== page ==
The lack of access to legal advice and counsel in civil and criminal arenas has significant repercussions, including the possible violation of state and federal law. (17) As Chief Justice of the North Dakota Supreme Court Gerald VandeWalle notes, a lack of an attorney may lead to family property being lost. (18) It means people with disabilities go without access to public benefits or employment. Without adequate access to legal assistance, individuals living in rural areas face risk of eviction. (19) Victims of domestic violence living in rural areas are more often seriously injured and have fewer services available. (20) Research has indicated that in situations with a known lack of access to justice, those in positions of power use the lack of a rule of law to exploit vulnerable populations. (21)

      The lack of attorneys living in rural communities has a disproportionate impact on the poor. The lack of attorneys in rural areas means low-income individuals in those communities are more likely to be deprived of legal information and assistance meant to ensure access to the population's most basic needs. Rural America is disproportionately poor. In 2012, 46.5 million people lived in poverty, defined as a family of four with an income of $23,850 or less, in the United States. (22) This represents fifteen percent of the total population. (23) The rate of poverty in rural communities is 17.7 percent in contrast to 14.5 percent in urban areas. (24) Of the 353 most continuously impoverished counties in the U.S., eighty-five percent of them are rural. (25) In states like New Mexico and North Dakota, poverty intersects with race, resulting in even higher poverty rates in counties where Native Americans and Hispanics make up much of the rural population. (26) A lack of legal resources impacts individuals living in poverty in rural communities more heavily because they do not have the resources to travel to larger communities and pay private attorneys employed by large law firms. Although each state has a non-profit legal assistance organization that receives federal finding to provide free legal services to the poor, their offices and attorneys are primarily based in the urban communities in the states. (27)

      In addition to a lack of access to civil attorneys, the lack of public defenders in rural areas of the U.S. has a drastic impact on basic constitutional rights. In these rural states, the nearest public defender or prosecutor may be hundreds of miles away. This leads to possible violations of the U.S. Constitution. (28) Individuals charged with a crime may not be represented by an attorney or may be represented by attorneys who are unfamiliar with criminal law. (29) Judges may be forced to delay proceedings until a public defender is available. Because of the problems caused by a lack of attorneys in rural areas, it is in the best interest of the state government, the state bar, and law schools to come together and address this crisis to ensure rural residents have equal access to justice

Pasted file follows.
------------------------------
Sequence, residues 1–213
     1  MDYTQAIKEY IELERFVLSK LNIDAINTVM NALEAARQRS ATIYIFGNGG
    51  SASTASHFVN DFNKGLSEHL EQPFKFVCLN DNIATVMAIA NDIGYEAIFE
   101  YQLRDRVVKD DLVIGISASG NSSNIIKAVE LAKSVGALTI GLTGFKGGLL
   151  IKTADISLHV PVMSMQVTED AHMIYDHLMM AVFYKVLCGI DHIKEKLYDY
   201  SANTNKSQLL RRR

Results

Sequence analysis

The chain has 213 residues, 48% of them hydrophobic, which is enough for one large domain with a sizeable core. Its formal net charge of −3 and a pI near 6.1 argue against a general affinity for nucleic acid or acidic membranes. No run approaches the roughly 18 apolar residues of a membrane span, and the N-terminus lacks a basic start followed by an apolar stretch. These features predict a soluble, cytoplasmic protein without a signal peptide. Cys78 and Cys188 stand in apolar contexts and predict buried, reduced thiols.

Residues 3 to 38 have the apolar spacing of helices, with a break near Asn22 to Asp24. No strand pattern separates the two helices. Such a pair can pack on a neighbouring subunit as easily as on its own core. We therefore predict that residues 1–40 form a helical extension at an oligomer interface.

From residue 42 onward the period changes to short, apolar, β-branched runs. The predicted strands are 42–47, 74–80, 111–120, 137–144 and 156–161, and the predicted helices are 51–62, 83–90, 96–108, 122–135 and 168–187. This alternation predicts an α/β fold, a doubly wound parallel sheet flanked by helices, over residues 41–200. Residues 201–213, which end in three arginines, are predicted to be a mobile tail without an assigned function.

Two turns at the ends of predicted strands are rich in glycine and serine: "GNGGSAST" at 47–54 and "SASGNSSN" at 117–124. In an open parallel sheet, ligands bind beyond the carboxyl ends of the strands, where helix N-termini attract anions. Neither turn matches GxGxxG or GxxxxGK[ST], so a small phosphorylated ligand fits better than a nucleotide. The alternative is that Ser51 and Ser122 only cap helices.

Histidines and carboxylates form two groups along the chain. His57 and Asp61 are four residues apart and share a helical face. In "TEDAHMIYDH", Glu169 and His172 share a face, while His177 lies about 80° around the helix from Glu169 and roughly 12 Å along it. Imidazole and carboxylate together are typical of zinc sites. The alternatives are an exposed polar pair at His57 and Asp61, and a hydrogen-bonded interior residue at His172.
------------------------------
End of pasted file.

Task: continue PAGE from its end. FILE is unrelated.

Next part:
There are several challenges in encouraging new law school graduates or any attorney to move to a rural community to practice law. Metropolitan areas are perceived to offer better opportunities and lifestyles, especially to new law school graduates. Concerns about isolation and insufficient opportunities to make money to pay back increasing debt from law school loans are often cited as reasons why attorneys do not consider moving to smaller communities. (30) Recent graduates may also feel ill equipped to start their own practice and move to a community where they do not know anyone. When young lawyers start a new practice on their own, they face a higher risk of committing malpractice. Finally, even if young lawyers start practicing in rural areas, they may not stay once an initial investment is made. (31)

      These problems may stem from, and be compounded by, a lack of awareness or information about what it is like to live and work in a rural area. For example, law students may not realize that residents in rural communities need help with estate planning, including large amounts of farm land that may be very valuable, contracts, and legal advice on how to run a farm business. In addition, these communities have professionals including teachers, doctors, and bankers who need legal advice and representation. (32) These individuals are more comfortable being represented by someone local, who knows their community, than a big name from a city miles away. Finally, law students may not recognize rural practice is an opportunity to work in public interest law because rural attorneys ensure equal access to justice for low-income community members.

      Attorneys practicing in rural area are best equipped to educate law students about the practice of rural law, however, it is often difficult to convince them to hire a law student as a summer law clerk. Not all rural attorneys want to serve as mentors to law students who may just looking for a job in a bad economy, rather than an opportunity to explore a possible career option. Moreover, the time and cost of mentoring a law student places a financial burden on a solo, rural practice that cannot be absorbed in the same way a large firm in an urban area might...